Dr Arini Loader is a lecturer in the School of History, Philosophy, Political Science and International Relations at Victoria University of Wellington. She specialises in the history of Aotearoa New Zealand. Her current research projects include a collaborative project with Dr Michael Ross on a collection of waiata (song) texts written by Māori taken prisoner following the battle of Rangiriri in the New Zealand Wars.

Megan Hutching

Megan Hutching is a freelance historian and oral historian with over 25 years’ experience in these fields. Her recent oral history work includes commissioned oral history projects for the New Zealand Association of Women Judges, and Engineering NZ, as well as a number of life history interviews for families. Personal oral history projects include the Auckland harbour bridge, and the domestic lives of New Zealand women in the mid-twentieth century.

Related upcoming events

  • 2020-02-05 - 2020-02-12 All day

    Online Introduction to Oral History Workshop - Baylor University

    by Stephen Sloan

    Baylor University Institute for Oral History invites you to join its online, live audio workshop, "Getting Started with Oral History." The interactive workshop will provide six hours of instruction on two consecutive Wednesdays, February 5 and 12, from 10:00 a.m. CST to 1:00 p.m. CST. You may take part in the workshop from the convenience of your home or office computer via Cisco WebEx. This introductory workshop, designed to help participants plan and begin an oral history project, will be taught by Institute faculty and staff members Adrienne Cain, Michelle Holland, Steven Sielaff, and Stephen Sloan. Participants will create a project design and conduct an oral history interview as part of the course. The cost is $100, which includes the two sessions, online access to all reading materials, and ongoing consultation for your oral history project. CPE credits are available for Texas K-12 teachers. There is room for only 40 participants, so register soon!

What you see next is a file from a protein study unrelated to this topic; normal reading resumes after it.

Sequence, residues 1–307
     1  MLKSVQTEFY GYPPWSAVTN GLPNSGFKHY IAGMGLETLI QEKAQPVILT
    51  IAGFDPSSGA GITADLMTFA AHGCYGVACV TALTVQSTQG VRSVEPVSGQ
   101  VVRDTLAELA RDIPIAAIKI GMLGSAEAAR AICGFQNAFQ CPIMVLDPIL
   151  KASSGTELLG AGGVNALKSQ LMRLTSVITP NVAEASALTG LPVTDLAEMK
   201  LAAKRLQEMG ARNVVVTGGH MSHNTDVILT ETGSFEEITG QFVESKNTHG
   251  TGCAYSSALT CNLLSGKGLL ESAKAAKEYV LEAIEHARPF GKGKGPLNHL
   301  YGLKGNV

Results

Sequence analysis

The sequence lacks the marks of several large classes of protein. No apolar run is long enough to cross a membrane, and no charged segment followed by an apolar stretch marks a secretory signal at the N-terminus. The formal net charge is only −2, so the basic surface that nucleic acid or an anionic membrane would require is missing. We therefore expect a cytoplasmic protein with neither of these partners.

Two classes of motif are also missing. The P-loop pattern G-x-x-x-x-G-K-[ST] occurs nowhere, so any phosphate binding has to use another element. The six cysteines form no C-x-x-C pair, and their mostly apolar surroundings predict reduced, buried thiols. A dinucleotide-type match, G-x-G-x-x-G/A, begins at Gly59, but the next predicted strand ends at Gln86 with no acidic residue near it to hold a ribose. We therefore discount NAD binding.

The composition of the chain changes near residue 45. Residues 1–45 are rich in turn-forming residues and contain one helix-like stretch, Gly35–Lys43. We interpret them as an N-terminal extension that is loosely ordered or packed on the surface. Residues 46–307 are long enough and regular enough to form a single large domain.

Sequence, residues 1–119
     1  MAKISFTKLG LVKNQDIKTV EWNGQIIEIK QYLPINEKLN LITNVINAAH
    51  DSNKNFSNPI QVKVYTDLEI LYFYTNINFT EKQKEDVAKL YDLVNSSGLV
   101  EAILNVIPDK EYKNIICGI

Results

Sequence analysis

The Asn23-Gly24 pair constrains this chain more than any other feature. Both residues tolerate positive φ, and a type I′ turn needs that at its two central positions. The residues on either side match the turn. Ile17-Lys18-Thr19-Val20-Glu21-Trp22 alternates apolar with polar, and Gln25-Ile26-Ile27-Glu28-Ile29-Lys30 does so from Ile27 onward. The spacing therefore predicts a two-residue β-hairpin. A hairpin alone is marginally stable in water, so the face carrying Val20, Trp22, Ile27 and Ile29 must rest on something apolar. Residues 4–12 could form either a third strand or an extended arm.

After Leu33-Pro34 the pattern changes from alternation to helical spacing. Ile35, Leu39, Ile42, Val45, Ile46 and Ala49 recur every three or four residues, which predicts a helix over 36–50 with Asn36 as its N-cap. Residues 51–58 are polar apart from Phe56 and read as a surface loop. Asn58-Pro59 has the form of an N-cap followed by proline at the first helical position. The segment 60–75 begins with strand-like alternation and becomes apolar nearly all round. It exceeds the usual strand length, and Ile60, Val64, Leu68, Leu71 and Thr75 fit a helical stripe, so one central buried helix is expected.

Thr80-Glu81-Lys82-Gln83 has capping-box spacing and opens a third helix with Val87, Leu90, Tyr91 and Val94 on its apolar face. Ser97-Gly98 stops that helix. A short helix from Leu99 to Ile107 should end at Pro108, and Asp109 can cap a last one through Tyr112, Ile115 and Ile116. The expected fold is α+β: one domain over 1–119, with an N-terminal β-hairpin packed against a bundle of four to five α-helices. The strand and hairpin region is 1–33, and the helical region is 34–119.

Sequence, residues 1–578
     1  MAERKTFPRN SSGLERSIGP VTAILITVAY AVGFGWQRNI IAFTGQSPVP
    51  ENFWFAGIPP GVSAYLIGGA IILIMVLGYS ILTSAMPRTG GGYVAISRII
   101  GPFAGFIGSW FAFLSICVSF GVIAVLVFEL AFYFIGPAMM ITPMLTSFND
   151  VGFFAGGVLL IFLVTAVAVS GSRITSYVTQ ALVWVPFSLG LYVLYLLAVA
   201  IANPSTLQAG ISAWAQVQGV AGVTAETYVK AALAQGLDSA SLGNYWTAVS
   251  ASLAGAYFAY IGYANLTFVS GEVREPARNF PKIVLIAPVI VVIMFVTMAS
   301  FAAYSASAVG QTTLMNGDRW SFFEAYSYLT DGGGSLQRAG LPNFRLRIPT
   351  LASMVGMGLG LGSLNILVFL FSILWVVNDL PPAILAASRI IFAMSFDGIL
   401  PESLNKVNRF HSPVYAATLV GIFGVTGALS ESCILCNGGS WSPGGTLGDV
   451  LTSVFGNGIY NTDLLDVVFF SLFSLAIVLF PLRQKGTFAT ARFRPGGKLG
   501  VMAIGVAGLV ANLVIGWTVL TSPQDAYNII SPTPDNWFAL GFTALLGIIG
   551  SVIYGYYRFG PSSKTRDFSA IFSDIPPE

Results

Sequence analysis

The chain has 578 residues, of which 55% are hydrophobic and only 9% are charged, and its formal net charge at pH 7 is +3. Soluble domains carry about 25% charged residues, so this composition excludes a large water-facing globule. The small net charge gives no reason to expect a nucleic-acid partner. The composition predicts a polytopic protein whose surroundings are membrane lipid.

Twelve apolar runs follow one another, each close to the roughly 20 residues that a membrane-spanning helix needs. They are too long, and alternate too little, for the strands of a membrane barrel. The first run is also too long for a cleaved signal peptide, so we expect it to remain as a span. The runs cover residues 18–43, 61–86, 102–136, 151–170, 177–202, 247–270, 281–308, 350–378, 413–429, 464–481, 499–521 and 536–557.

• 2020-02-22 - 2020-03-21 All day

    Brochure

    Two Day
    Oral History
    Workshop
    with the Alexander Turnbull Library
    Saturday 22 February 2020
    Saturday 21 March 2020
    8.45am – 4.30pm
    Palmerston North Central Library
    Image: Class at West End School, 1947, Photograph from
    Palmerston North City Library 2010N_A175-67-1_004215DAY ONE
    Introduction to Oral History
    Saturday 22 February 2020
    8.45am – 4.30pm / Central Library
    An introduction to oral history methodology. How to:
    ► plan an oral history project
    ► choose the best equipment
    ► achieve clear audio recordings
    ► select informants
    ► follow ethical procedures
    ► process oral history
    ► make material available for use.
    All equipment will be provided, however if you have a recorder you intend to
    use for your interviews, please bring this. Exercises to be completed before
    Day Two will be discussed.
    General enquiries: (06) 351 4100
    heritage@pncc.govt.nz
    www.citylibrary.pncc.govt.nzDAY TWO
    Recording Seriously
    Saturday 21 March 2020
    8.45am – 4.30pm / Central Library
    Recording Seriously builds on Day One: Introduction to Oral History,
    reviewing work completed and covering in more detail interview techniques,
    project planning and technical, ethical, and legal issues. Participation in Day
    One is a prerequisite.